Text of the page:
White said she and Blackshear have talked to the Ohio Auditors Association, real estate agents, property investors and the Ohio Municipal League to define the need and refine the bill. She’s not aware of any opposition.
Auditors could add a charge of $500 or 1% of the property’s tax value, whichever is greater, to the tax bill if an owner failed to provide full contact information.
Auditors would determine a property to be vacant, and could contact other government offices or community organizations to establish that, the bill says. Auditors would then notify the property owner of that determination.
Properties would not be considered vacant if they’re used “seasonally,” meaning at least four weeks but no more than 40 weeks out of the year, according to the bill text.
Demand in Dayton
It’s clear that there is a community need for an easily accessible database of property owners, Montgomery County Auditor Karl Keith said. He said the bill won’t be a panacea, but it’s a step in the right direction.
The registry would be a public record, probably as part of the real estate database, Keith said. People could access it online or call the auditor’s office for specific information. It would take some initial effort to publicize and inform property owners, but probably wouldn’t require an additional employee to maintain.
Currently the best contact information for many owners of empty properties is their tax mailing address, which often isn’t helpful, he said.
When someone seeks to complain to the owner about conditions on a property, or is interested in buying and repairing it, the auditor’s office wants to help them make contact, Keith said.
For that matter, law enforcement has sometimes sought property owners’ contact information, he said.
“There’s health issues in some of these properties that are vacant,” Keith said. “Some of these properties are a magnet for crime. Being able to contact the owners would be a big step forward, I think.”
Montgomery County has about 23,000 vacant housing units, close to one in 10, according to Keith’s office. More than 11,000 of those are within Dayton city limits, meaning about one unit in six is vacant inside the city.
For comparison, about one housing unit in 12 is vacant in Ohio as a whole.
Those numbers include apartments, not just individual houses, Keith said. But the number of vacancies is a “moving target,” and so is hard to nail down at any given time, he said.
He estimates 2,600 structures in the county are in poor condition, with about 800 “unsound.”
“We assume a large percentage of those are vacant,” Keith said.
The 2008 foreclosure crisis drove some of that, but the main reason is Dayton’s overall loss of population: from 260,000 people in 1960 to about 140,000 now.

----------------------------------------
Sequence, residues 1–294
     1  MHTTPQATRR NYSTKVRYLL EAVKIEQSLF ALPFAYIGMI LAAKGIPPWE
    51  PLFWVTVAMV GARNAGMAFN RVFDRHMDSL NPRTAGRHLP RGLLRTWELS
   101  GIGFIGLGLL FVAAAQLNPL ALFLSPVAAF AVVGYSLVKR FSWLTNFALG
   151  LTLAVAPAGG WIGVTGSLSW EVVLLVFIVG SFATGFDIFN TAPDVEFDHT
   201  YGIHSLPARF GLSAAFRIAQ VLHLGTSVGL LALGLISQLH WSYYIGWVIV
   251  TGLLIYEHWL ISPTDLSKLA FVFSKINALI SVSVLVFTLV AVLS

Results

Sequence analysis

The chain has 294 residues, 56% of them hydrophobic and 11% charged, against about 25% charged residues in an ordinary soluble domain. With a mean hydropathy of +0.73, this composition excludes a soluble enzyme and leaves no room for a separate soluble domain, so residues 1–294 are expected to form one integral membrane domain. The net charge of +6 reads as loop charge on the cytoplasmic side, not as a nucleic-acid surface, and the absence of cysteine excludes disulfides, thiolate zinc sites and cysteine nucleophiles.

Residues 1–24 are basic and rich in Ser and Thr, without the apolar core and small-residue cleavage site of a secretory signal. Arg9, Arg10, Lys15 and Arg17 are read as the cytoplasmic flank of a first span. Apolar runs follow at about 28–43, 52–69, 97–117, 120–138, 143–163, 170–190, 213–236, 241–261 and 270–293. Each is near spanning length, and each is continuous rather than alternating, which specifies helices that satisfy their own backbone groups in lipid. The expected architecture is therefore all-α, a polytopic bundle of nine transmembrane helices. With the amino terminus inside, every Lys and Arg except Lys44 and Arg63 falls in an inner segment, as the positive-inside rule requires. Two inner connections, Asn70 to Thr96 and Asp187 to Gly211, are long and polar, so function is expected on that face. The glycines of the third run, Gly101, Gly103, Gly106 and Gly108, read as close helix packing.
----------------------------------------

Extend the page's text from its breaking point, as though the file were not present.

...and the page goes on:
And after the Memorial Day tornadoes in 2019, some people abandoned their properties and left no means of contacting them, Keith said.
“There are a number of those structures still in major disrepair that people just walked away from,” he said.
Fewer people, less pressure
Auditor’s offices in counties with more than 200,000 people would be required to collect contact information. That would affect 15 Ohio counties, including Montgomery, Butler and Warren.
Counties with 200,000 people or fewer could opt into the registry.
Warren County Auditor Matt Nolan suggested the cutoff population for requiring participation should be doubled to 400,000.
“It’s not necessary for Warren County,” Nolan said. Warren has a population of 235,000 compared to Montgomery’s 532,000.
“The problem with a bill like this is it creates work for the staff,” Nolan said. While it’s useful for a county like Montgomery County with lots of vacant buildings, he said it’s just extra work for places like Warren County with very low tax delinquency and vacancy rates.
Currently Warren County relies on the tax mailing address associated with every property, Nolan said. That has the advantage of “very quickly” putting properties on the foreclosure list if they’re not maintained and property taxes aren’t paid, he said.
Butler County Deputy Auditor David Brown said his office hasn’t taken a position on the bill. The auditor’s office has no role in dealing with abandoned or dilapidated properties, and so doesn’t track them itself, he said.
“If an owner fails to pay taxes over a period of time, there is a process between the treasurer, county prosecutor, and the county sheriff, to foreclose on and auction those properties,” Brown said. “The county building and zoning department, as well as cities, villages and townships, deal with zoning issues and properties that are not being maintained to code.”
If a local government imposes an assessment on a property for cleanup work, that’s added to the overall tax bill, he said.
Blackshear worked for the Montgomery County auditor’s office for a year and a half, and often fielded calls from people looking for contact information, he said.
“We had people who would call, people who were investors, trying to buy properties in neighborhoods, but they couldn’t figure out how to get hold of the property owner,” Blackshear said.
Residents who lived next to abandoned houses often didn’t know who to call to get properties cleaned up, he said. But there was no real process to find those property owners.
“When I worked at the auditor’s office, we had some people who just filed a post office box,” Blackshear said.
Communities looking to increase their population and grow jobs need to have safe places for people to live, Blackshear said. Abandoned buildings can become hazardous, and potential investors and renovators need an easier way to reach current property owners, he said.
“This is something that should’ve been addressed years ago, decades ago,” Blackshear said.
The bill has been referred to the House State & Local Government Committee. Jessica Gassett, Blackshear’s legislative aide, said there’s no word on when it will come up for a hearing.